- There are several kinds of bonus cards available, that can give you discounts for staying at campsites (and other benefits too). The ADAC card is one of them. Check it out for more info. When staying at a campsite, you are sure to meet a lot of people, so if you are really social, but still want to be able to close the door and spend some time alone, campsites are perfect for that. Campsites are also great for staying just one night if you are otherwise a free-camper. To get a real shower, wash your bed linen, or charge your batteries.
- If you are more of a free-camping type, you are in for a treat. First of all, you can choose to stay, where you are 100% alone and enjoy the solitude and peace. You can also choose to meet up with a few others that are free spirits like yourself. Make a campfire, have a glass of wine, and share some good stories. Obviously free-camping leaves you with limited resources such as water and electricity, but if you are fine with mostly bathing in a lake and saving on indoor lighting, this is the right choice for you.
- There are some limitations though. First of all, always respect the no-camping signs. There’s no need for campers to get into any bad standing with the locals. Also, different countries, provinces, and cities have different laws about free-camping. Always check the area that you are in, on the internet, or ask at the local police station. Some countries don’t allow free-camping at the beach or near regular campsites and others don’t allow it at all. There’s no need to get a fine or be asked to leave in the middle of the night.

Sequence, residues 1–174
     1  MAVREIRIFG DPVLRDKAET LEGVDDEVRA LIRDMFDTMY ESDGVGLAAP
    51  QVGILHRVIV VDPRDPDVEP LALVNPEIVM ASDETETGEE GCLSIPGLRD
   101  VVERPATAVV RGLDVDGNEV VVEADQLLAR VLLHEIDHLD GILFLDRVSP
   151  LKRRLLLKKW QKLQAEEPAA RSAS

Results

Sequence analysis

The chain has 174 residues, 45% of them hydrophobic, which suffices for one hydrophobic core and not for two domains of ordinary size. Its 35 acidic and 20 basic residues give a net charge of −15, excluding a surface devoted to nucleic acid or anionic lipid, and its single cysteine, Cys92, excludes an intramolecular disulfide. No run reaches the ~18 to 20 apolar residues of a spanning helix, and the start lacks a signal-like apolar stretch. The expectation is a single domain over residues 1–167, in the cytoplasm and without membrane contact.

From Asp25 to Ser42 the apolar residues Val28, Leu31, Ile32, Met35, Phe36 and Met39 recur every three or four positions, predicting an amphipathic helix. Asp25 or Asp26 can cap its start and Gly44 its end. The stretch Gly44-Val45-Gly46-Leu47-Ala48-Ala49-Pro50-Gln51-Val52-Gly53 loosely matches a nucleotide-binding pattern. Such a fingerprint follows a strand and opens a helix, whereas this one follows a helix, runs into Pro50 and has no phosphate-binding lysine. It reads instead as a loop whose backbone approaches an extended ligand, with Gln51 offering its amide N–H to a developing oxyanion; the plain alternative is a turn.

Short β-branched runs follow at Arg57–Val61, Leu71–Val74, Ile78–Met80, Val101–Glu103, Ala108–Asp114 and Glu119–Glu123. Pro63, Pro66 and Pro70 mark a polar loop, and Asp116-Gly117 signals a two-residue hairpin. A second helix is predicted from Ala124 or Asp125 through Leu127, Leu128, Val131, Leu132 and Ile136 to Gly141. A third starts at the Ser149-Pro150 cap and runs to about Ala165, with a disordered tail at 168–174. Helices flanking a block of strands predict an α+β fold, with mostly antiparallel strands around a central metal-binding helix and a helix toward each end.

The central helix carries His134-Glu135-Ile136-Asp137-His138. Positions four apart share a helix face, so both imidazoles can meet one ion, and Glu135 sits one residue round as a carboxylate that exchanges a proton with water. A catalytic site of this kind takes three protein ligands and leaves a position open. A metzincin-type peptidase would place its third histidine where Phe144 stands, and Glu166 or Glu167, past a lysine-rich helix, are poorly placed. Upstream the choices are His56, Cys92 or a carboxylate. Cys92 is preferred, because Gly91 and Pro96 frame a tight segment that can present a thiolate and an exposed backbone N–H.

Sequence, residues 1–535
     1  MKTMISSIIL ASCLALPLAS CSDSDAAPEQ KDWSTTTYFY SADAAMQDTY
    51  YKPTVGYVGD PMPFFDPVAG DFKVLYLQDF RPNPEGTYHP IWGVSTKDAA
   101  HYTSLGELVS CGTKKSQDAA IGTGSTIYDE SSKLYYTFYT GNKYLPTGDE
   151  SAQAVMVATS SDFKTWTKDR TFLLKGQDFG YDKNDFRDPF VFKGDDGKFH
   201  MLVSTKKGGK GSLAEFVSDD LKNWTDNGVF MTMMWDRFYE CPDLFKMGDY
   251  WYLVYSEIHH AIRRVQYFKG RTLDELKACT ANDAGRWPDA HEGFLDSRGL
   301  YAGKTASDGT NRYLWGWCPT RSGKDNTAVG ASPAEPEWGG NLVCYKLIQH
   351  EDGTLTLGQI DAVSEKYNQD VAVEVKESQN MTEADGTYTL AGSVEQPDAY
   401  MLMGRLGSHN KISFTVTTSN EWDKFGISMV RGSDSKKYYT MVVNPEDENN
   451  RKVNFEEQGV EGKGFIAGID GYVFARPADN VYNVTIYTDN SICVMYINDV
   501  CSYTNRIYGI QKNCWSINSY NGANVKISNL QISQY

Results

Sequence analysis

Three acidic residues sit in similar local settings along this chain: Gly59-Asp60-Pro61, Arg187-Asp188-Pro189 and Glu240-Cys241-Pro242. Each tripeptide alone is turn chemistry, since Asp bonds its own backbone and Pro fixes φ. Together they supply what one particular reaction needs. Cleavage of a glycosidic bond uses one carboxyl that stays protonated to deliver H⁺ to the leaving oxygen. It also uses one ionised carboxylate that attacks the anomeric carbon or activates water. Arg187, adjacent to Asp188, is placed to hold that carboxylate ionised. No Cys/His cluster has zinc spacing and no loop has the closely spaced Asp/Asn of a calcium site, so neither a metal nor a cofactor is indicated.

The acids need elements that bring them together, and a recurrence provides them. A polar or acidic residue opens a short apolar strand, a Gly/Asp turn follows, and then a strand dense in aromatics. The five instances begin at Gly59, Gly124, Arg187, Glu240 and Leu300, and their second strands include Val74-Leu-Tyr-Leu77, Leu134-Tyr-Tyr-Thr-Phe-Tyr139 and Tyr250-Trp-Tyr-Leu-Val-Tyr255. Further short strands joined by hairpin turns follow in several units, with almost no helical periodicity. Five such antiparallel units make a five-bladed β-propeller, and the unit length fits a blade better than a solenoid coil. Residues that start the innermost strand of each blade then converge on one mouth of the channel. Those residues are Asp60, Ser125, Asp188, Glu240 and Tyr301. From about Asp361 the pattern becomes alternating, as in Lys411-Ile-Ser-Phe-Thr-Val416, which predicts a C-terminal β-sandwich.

- Several apps show you, where it’s okay to freecamp, with exact locations and often also reviews from other users. Because we are traveling in Europe, we use the one called Camper Contact. It’s essential for our everyday life and it allows us to filter our needs. If we e.g. need a place where we can empty the grey water (used water), we can search for places with that kind of facility. As I mentioned earlier, those free-camping spots are almost always for motorhomes only. So not really usable for caravans. Often they are also situated in remote and somewhat rough areas, where it can be difficult to drive with a caravan.
- Always use your common sense, when you are free-camping. And follow your gut feeling. If something doesn’t feel right, drive on. Unfortunately, criminals are everywhere and if the area looks a little shady, don’t take the risk. Also, beware of wild animals. Bears, wild boars, and wildcats can ruin the peace. And never, ever throw trash in nature. You are a guest. Act like one.
4. The boring stuff